A mountain range of viruses and other malware looms over Microsoft’s Windows operating system. Given the sheer volume, it should come as no surprise that plenty of Windows malware is making its way onto Macs, and even the App Store. Meanwhile, malware designed for Apple's platform is on the rise.
Windows Malware Is Everywhere . . .
Out of curiosity and a little bit of fear, I scanned an iMac desktop this week to determine if any of the recent instances of Mac malware were on the computer. There have been several instances in the last year or so of prevalent Mac OS X malware. As a technologist who often visits shadier parts of the Internet looking for stories, I feared that the computer may have become infected.
Fortunately, the iMac was free of any of the known varieties of Mac malware. But a security scan did turn up something interesting. It discovered Mal/Bredo-Q, a virus that affects only Windows computers. Naturally, I freaked out a little bit. As a Mac user, I was (a) not accustomed to running antivirus software and (b) under the impression that the program wouldn't find anything if I did. So what was Mal/Bredo-Q doing on my iMac?
I tracked the virus to an email from ReadWriteWeb’s “tips” account about a DHL package delivery. The malware was stored in the computer under the library on my hard drive as an executable file. The problem for Mal/Bredo-Q is that no application in Mac OS X can execute the file, which renders it ineffective.
Finding instances of Windows malware on Macs is apparently a lot more common than I thought. According to Graham Cluley, a researcher with the digital security firm Sophos, one in five Macs contains some type of Windows malware. That is in comparison to one in 36 of Apple computers (2.7%) that carry Mac OS X malware.
“Windows malware is still much more common - but it doesn't mean that Mac-specific malware is nonexistent,” Cluley said. “If you exchange files with Windows users, or run Windows in a partition or via emulation, then it could cause an infection.”
According to Sophos research from April 2012, Mal/Bredo was the most common Windows malware found on Mac computers.
Windows malware on Macs is not a problem for Apple, per se. But it could pose problems to networks that include both Windows and Macs. Computers running Mac OS X that are infected with Windows malware could spread the virus to other computers on the network without the Mac user even being aware that they are the culprit.
“Although most of the malware we see on Macs is Windows-based (often picked up in email attachments), there is still a fair amount of Mac malware out there," Cluley said. "Most of the Mac stuff we are seeing is still fake anti-virus software, fake codecs and so forth which use social engineering tricks to fool users into making bad decisions.”
There have even been instances of Windows malware found in Apple’s iOS App Store. News reports surfaced this week that Windows malware was found in an app called Instaquotes – Quotes Cards For Instagram. The malware is no threat to iPhones or iPads and could only be harmful if it were manually extracted from the app into a Windows computer. Apple removed the app from the App Store. But the point stands: Windows malware is so prevalent that it has started seeping into places where it has no reason to go.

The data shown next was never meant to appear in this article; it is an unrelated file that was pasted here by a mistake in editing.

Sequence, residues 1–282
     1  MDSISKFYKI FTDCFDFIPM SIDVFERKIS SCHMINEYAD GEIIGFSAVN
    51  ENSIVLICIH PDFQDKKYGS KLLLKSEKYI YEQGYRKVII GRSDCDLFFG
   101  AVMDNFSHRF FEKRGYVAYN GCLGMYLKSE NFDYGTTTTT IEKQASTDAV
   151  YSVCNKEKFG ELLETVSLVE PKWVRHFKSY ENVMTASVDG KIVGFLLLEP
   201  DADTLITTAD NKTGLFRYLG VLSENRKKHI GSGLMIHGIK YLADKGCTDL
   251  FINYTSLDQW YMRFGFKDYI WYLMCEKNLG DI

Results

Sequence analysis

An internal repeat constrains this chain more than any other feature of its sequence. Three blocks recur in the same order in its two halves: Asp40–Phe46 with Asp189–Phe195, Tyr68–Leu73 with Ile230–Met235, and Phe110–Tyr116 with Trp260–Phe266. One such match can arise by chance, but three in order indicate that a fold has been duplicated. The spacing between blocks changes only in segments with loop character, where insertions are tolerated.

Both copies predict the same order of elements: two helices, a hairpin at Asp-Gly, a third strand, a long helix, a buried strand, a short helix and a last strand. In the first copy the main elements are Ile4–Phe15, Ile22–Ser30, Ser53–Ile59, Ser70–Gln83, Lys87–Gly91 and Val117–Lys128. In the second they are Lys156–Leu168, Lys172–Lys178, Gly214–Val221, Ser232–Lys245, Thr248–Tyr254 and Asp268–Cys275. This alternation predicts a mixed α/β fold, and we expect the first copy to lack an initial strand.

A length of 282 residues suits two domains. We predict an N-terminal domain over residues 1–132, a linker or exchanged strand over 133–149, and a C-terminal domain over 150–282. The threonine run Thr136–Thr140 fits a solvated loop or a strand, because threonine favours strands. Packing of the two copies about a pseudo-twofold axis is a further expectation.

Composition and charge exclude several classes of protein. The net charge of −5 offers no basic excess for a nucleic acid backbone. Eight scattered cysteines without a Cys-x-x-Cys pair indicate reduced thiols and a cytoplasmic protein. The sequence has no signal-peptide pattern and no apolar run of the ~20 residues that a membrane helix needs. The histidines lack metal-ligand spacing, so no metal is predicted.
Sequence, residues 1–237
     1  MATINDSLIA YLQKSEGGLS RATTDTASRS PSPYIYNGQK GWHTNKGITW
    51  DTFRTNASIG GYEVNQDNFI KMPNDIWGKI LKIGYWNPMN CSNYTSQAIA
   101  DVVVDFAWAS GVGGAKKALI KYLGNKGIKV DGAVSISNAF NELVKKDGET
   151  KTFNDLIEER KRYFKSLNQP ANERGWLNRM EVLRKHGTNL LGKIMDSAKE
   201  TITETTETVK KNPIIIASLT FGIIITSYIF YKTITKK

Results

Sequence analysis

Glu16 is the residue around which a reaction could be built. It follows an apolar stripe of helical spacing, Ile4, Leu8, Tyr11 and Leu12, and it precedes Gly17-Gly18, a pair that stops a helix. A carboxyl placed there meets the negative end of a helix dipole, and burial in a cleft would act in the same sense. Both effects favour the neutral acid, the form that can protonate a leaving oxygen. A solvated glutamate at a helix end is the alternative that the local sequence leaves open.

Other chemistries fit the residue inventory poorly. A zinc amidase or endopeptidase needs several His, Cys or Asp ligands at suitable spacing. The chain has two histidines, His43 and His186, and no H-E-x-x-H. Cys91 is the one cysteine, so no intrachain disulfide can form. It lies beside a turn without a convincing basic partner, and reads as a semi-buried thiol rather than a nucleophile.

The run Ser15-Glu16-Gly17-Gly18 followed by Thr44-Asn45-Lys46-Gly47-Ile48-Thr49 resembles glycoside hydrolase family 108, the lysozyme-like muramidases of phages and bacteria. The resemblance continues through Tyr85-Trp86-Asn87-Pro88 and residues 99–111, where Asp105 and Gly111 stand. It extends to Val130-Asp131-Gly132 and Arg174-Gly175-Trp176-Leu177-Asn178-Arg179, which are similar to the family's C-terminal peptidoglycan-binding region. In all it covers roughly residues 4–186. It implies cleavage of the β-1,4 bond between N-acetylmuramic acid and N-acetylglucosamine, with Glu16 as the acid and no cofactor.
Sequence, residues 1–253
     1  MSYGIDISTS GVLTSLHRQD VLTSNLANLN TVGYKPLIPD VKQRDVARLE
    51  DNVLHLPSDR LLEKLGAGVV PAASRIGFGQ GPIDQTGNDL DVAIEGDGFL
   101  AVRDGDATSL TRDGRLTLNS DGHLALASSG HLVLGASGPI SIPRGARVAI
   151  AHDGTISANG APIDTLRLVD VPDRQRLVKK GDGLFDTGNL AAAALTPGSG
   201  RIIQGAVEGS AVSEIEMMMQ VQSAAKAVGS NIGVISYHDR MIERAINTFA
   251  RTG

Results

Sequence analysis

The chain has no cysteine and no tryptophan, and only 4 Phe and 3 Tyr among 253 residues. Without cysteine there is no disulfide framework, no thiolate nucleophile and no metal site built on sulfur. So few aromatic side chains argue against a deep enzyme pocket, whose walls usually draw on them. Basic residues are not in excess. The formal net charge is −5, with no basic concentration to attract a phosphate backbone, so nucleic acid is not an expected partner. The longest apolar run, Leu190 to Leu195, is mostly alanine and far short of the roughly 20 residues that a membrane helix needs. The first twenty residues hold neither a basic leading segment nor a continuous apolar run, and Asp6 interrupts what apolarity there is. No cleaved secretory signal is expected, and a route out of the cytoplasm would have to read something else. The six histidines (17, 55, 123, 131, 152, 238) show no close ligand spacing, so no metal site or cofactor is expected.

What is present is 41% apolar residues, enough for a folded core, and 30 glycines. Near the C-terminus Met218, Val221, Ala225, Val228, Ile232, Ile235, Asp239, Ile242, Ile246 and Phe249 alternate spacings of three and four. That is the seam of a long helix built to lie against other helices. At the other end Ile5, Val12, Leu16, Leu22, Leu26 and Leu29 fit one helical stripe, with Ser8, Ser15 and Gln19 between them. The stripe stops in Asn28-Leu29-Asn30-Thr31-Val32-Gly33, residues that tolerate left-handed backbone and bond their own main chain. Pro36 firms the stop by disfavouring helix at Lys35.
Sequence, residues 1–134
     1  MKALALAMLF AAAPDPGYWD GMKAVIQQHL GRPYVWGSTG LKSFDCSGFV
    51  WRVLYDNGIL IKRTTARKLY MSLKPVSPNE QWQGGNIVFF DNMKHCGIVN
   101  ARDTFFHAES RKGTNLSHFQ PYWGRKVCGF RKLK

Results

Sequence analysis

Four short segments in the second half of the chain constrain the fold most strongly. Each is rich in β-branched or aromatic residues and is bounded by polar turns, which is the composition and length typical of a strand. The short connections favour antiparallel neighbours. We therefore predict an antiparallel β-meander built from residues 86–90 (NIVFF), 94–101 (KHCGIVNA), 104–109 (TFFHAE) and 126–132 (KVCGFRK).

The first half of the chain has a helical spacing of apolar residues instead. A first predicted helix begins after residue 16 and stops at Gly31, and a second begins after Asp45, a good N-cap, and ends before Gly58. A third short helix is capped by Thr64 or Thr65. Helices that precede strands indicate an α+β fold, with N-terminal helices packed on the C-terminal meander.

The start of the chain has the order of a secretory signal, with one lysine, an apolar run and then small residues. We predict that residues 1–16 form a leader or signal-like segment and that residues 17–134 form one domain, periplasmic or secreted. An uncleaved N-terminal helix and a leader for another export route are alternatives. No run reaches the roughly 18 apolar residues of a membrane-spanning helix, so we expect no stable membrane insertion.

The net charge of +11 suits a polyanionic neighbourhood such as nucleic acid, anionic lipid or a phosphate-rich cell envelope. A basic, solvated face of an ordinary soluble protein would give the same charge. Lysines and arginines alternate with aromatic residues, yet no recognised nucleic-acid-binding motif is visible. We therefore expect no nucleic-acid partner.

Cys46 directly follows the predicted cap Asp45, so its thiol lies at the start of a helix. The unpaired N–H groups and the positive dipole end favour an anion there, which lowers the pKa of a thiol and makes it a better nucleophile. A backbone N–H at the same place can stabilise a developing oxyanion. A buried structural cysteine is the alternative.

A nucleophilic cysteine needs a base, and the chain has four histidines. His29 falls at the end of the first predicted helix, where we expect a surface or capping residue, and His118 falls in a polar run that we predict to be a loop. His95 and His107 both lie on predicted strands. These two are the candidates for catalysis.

. . . Even as Mac Malware Proliferates
For years, Mac users felt safe in notion that their computers were impervious to malware. That was never true. Macs are vulnerable to malware, but the malicious hackers of the world had not created much of it compared to the hordes of viruses that attack Windows computers. In the past year, more malware has started to appear specifically for Macs including a new strain dubbed Morcut, according to Sophos.
Morcut (also known as Crisis) is spyware along the line of the recently discovered Flame and Mahdi strains of malware. It can spy on users through video and audio capture, key logging, screenshots and variety of other functions. It can, theoretically, be delivered to Macs as a Java Archive (JAR) .class file known as WebEnhancer, although Sophos has not seen an instance of this spyware in the wild.
Morcut/Crisis is especially disconcerting beacause it was engineered to be cross-platform. It can distinguish a Windows from a Mac OS X machine and deliver the proper payload. It is based on Java and runs inside a computer's Java Virtual Machine (JVM).
This follows the fake security software malware known as Flashback, discovered earlier this year, that infected hundreds of thousands of Mac computers.
“The Flashback botnet - which infected 600,000 Macs earlier this year, including 274 in Cupertino - must have really put Macs on the radar of malware authors," Cluley said. "The potential is there to infect lots of computers and exploit them for financial ends. Plus, most Mac users are still not running any anti-virus software - which makes them an easy soft target.”
The lesson is that Apple’s platform is increasingly a target of malicious hackers. The best protection is to be proactive, no matter what operating system you're using, be it mobile or desktop. Do not open suspicious emails or visit shady websites, and run reputable security software. It is not Apple’s job to protect users’ computers. Apple can be proactive about security updates, but it is up to the users to protect themselves.